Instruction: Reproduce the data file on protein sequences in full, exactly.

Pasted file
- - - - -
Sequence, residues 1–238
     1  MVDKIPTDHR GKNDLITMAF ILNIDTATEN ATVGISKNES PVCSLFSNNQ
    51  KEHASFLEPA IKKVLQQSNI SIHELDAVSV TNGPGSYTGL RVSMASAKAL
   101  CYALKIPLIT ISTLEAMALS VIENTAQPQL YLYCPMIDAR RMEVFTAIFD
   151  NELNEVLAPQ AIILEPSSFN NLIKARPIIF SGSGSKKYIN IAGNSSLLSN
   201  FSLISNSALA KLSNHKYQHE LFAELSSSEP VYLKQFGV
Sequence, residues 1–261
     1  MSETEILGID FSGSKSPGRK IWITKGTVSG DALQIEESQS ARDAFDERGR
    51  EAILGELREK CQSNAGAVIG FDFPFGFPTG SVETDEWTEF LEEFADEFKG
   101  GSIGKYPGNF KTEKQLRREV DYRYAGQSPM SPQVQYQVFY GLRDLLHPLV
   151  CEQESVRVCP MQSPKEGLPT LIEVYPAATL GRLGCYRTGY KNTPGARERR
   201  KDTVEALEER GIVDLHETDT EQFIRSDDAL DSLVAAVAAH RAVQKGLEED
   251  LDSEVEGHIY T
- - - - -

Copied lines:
Sequence, residues 1–238
     1  MVDKIPTDHR GKNDLITMAF ILNIDTATEN ATVGISKNES PVCSLFSNNQ
    51  KEHASFLEPA IKKVLQQSNI SIHELDAVSV TNGPGSYTGL RVSMASAKAL
   101  CYALKIPLIT ISTLEAMALS VIENTAQPQL YLYCPMIDAR RMEVFTAIFD
   151  NELNEVLAPQ AIILEPSSFN NLIKARPIIF SGSGSKKYIN IAGNSSLLSN
   201  FSLISNSALA KLSNHKYQHE LFAELSSSEP VYLKQFGV
Sequence, residues 1–261
     1  MSETEILGID FSGSKSPGRK IWITKGTVSG DALQIEESQS ARDAFDERGR
    51  EAILGELREK CQSNAGAVIG FDFPFGFPTG SVETDEWTEF LEEFADEFKG
   101  GSIGKYPGNF KTEKQLRREV DYRYAGQSPM SPQVQYQVFY GLRDLLHPLV
   151  CEQESVRVCP MQSPKEGLPT LIEVYPAATL GRLGCYRTGY KNTPGARERR
   201  KDTVEALEER GIVDLHETDT EQFIRSDDAL DSLVAAVAAH RAVQKGLEED
   251  LDSEVEGHIY T